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1 August 2019
Temperature data inferred from plankton fossils from the Pliocene, an era with CO2 levels similar to today’s, allowed a research team to rectify discrepancies between climate models and other proxy temperature measurements.
20 December 2010
For thousands of years the traditional herders of Tibet have lived among mountains, lakes and grasslands. Their livelihood– raising yak, sheep, and goats on the largest and highest plateau on the planet–is a precarious one.
As the planet warms, seasons that are normally dry on the Tibetan Plateau–winter and spring–are forecast to turn wet. At this elevation, the precipitation would fall as snow. Kelly Hopping, a graduate student in Ecology at Colorado State University, is worried this snow may disrupt the traditional life of these Tibetans.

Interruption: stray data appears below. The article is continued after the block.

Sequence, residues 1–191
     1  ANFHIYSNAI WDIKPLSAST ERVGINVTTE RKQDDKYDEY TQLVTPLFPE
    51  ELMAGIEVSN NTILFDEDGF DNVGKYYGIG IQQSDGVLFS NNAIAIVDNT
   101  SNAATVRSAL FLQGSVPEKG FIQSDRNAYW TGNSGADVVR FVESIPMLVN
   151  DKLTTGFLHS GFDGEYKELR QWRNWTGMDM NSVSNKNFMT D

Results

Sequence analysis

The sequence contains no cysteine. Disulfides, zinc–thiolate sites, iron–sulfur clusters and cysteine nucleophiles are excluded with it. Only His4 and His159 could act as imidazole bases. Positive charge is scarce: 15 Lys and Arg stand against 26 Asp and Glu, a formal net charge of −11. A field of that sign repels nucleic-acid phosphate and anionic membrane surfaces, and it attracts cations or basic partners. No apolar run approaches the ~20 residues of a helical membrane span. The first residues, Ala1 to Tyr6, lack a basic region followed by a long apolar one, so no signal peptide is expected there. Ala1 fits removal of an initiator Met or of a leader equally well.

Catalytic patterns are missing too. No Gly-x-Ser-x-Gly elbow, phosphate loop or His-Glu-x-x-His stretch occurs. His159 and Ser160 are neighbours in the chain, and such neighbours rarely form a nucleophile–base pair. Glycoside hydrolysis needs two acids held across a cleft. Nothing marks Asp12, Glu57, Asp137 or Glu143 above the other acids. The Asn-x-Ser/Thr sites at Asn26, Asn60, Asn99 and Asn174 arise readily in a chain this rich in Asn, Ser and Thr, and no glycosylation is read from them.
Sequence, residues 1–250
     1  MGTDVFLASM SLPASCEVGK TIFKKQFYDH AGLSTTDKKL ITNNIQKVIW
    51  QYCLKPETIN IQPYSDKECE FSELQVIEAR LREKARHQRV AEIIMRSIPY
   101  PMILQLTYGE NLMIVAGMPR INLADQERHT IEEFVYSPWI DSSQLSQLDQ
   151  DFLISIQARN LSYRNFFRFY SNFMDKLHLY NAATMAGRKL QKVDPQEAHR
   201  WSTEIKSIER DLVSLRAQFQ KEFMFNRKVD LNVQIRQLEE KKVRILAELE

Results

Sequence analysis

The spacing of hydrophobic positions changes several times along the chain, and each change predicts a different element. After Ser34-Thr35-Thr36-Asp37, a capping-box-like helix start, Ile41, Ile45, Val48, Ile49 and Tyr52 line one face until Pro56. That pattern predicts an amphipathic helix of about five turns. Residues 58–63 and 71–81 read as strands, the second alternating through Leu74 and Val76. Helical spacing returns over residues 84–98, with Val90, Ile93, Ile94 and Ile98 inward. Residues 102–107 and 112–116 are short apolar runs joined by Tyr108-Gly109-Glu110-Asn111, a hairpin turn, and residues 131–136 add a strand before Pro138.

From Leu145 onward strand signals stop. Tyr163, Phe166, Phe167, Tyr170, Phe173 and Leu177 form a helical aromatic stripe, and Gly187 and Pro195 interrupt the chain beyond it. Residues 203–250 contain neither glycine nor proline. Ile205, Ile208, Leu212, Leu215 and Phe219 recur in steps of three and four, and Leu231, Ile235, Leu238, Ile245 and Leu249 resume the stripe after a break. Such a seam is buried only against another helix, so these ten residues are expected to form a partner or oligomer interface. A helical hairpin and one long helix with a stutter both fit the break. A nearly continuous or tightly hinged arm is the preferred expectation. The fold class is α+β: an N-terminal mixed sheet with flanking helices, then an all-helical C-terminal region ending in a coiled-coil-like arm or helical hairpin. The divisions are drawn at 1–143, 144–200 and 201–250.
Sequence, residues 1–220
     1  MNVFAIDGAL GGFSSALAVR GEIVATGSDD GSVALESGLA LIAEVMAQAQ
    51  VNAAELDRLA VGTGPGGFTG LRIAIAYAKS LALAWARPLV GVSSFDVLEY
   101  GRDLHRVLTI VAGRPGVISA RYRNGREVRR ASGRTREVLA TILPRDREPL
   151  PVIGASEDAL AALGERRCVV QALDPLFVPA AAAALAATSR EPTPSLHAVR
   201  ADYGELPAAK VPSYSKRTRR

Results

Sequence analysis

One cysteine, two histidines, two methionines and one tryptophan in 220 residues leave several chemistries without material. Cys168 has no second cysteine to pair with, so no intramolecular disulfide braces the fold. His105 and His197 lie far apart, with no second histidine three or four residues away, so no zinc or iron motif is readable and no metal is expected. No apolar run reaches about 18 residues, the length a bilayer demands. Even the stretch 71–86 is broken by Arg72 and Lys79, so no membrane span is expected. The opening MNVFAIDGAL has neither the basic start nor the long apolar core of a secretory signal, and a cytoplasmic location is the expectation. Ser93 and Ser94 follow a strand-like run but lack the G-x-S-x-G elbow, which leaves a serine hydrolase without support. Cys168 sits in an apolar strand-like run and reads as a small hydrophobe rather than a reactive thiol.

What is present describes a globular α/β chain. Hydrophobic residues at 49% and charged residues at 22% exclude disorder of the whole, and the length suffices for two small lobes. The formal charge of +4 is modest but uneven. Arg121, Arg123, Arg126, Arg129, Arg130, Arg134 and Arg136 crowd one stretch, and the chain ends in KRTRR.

17 December 2010
Abrupt climate change is a provocative topic. How fast does it happen? How does it shift so quickly? What are the effects of climate swings on life?
It turns out that scientists are still teasing apart the details of if and when abrupt climate change happens. In yesterday’s Emiliani Lecture, session PP41C, David Hodell from the University of Cambridge presented his analysis of lake sediment samples and what they tell us about abrupt climate change during the last ice age, about 10,000-20,000 years ago.